It has been well documented that Covid lockdowns and restrictions over the past two years have adversely impacted the lowest 40% of households by income (here and here, for example). Conversely, the highest 40% of households by income are typically in a stronger financial position compared to the start of Covid. The main reasons for this are that lower income occupations typically are not able to work from home. In addition, higher income earners have saved an unusually high amount over the past two years (lower spending due to lockdowns). In fact, nab economics estimate that Australian’s have saved $240 billion during the pandemic. Most of these savings would have been accumulated by higher income earners since the “average” Australian tends to have relatively low savings.
In short, I posit that higher income earners have been disproportionately responsible for driving higher property prices (through higher demand), which is what I expected back in October 2020.
If we agree that Covid restrictions are less likely from hereon in, consumer spending patterns should normalise, including spending on international travel. That may reduce higher-income earners savings rates, but it’s likely they are well prepared for higher interest rates.
It is also worth noting that lending rules have tightened significantly in recent years which includes testing affordability at much higher interest rates. If you have obtained a new mortgage over the past 5 years, its likely higher interest rates won’t cause too much stress.
At best, there’s a weak relationship between growth and interest rates
The chart below (click to enlarge) illustrates the annualised median house price growth since 1980 in Sydney, Melbourne and Brisbane. I have inserted the average standard variable mortgage interest rates in the grey rectangle below each growth period. You will note that there’s not a very strong relationship between interest rates and property prices. I suspect that’s because home buyers make an ‘affordability’ assessment rather than a ‘valuation’ assessment. If home buyers conclude they can service the required mortgage, they will proceed with the purchase because they know in the long run, property prices almost always trend higher.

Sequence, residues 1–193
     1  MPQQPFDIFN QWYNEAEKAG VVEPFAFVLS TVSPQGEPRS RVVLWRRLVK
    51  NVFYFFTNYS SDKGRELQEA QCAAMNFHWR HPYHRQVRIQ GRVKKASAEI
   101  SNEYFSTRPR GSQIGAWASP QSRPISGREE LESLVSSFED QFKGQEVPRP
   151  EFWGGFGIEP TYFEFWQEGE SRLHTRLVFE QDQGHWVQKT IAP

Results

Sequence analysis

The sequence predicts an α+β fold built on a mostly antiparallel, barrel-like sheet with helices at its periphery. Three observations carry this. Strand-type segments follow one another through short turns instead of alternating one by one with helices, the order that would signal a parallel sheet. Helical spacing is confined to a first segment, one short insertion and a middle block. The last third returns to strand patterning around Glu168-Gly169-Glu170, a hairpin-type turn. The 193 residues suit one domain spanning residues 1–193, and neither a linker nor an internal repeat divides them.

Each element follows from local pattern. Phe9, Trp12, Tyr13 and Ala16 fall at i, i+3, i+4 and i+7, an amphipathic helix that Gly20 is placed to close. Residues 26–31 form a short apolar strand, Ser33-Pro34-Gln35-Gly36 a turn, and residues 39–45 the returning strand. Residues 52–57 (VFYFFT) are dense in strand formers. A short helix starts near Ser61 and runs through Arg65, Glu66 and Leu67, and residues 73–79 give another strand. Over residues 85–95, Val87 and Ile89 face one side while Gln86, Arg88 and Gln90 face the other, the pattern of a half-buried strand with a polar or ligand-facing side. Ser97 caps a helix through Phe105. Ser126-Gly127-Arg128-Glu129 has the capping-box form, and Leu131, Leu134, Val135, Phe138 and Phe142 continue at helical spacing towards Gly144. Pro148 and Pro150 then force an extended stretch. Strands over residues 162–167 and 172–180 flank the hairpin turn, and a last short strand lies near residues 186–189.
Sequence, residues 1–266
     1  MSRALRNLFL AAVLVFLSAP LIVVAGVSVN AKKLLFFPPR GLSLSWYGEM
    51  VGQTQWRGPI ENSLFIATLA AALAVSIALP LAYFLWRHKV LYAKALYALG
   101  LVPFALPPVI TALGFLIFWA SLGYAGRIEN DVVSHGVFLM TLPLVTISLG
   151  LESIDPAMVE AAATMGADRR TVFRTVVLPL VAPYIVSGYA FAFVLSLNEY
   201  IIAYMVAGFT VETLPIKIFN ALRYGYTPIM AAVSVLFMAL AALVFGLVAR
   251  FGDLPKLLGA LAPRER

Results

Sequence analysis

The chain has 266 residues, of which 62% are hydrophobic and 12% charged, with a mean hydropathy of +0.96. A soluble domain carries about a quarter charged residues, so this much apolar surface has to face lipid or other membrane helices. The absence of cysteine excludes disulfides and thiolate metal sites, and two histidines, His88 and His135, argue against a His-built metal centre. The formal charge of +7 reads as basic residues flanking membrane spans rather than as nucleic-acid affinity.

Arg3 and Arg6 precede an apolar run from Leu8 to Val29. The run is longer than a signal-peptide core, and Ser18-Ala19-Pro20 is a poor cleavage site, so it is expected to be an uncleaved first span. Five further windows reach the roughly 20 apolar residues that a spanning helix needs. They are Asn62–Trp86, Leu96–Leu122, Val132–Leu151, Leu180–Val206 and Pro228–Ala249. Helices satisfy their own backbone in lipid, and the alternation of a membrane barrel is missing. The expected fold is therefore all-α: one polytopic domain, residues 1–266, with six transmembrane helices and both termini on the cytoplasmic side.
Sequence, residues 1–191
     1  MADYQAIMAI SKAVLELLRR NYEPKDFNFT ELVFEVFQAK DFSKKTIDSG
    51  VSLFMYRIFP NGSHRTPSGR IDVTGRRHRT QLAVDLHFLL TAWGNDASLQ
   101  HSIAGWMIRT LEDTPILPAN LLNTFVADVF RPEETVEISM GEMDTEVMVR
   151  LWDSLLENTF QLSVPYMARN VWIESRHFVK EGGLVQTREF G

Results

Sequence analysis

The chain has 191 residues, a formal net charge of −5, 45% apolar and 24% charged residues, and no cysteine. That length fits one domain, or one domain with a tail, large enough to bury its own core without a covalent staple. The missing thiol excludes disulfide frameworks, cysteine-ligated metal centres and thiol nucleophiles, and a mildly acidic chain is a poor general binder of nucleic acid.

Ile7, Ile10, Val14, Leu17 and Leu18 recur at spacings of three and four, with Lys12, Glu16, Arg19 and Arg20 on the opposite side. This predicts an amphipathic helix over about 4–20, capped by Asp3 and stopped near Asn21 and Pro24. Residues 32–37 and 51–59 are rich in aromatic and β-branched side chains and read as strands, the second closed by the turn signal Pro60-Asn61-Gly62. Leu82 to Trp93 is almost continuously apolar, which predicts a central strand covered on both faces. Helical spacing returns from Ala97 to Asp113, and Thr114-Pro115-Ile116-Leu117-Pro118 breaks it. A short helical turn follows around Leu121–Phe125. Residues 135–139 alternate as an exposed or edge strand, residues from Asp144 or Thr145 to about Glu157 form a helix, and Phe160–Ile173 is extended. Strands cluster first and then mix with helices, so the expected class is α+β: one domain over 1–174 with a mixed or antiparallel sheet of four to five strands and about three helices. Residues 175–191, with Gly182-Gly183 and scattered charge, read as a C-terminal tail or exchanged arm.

Covid distorted demand and that will probably normalise this year
The property market has benefited from an unusually high level of demand over the past 18+ months and this demand is likely to normalise.
Firstly, FOMO drove many people to buy property. Commentators predicted that interest rates would remain low for a long period of time and that would lead to higher property prices, so people rushed into the market before prices become more unaffordable.
The work-from-home wave created substantially higher demand for regional properties, particularly in coastal locations.
Finally, since many people were spending less money on travelling and going out during lockdowns, they redirected these financial resources towards the property market.
Things are changing with the reopening of international boarders (and therefore overseas travel), the prospect of Covid restrictions is unlikely, talk of higher interest rates, and higher property stock levels. These factors should result in a more balanced property market.
But the value proposition hasn’t really changed all that much
Low interest rates stimulated demand for housing during 2020 and 2021. Even if rates increase by 1% over the next 1 to 2 years, they are still low relative to the past few decades. And due to much higher household and government indebtedness, interest rates won’t have to rise by much to cool inflationary pressures. It is conceivable that the neutral mortgage interest rate could be circa 5% p.a.
Therefore, from an owner-occupier’s perspective, the value proposition hasn’t changed that much i.e. housing is still relatively attractive due to interest rates being relative low compared to the past few decades.
Property prices will be closer to intrinsic values, which means losses for some recent buyers
The chart below was produced by Coolabah Capital and shows the change in property prices since 1850. It puts into perspective the magnitude of the price growth that occurred last year.
We can argue that the market value of a property is what someone is willing to pay for it. However, it is obvious to me (and lots of other people) that some purchasers were clearly overpaying for property throughout 2020 and 2021. That is, they paid more than its intrinsic value. It is unlikely that level of exuberance (over-paying) will extend into 2022. A more balanced market should result in more reasonable prices.
That means people that did overpay over the past 1 to 2 years might find themselves in a situation where comparable properties are selling for less than what they paid.
Medium term outlook will be driven by a healthy economy
I would not be surprised to see one or two quarters of small (immaterial) negative property price growth eventually i.e. after the RBA starts raising interest rates. However, I would be most surprised to see prices retreat by 15% to 25%, as predicted by Chris.
In my view, the property market will be driven by very sound fundamentals over the medium term:
- Interest rates remaining below the average rate over the past 20 to 30 years.
- A low unemployment rate.
- Population growth due to the return of overseas immigration (skilled migrants and students).
As such, quality property assets will continue to perform well.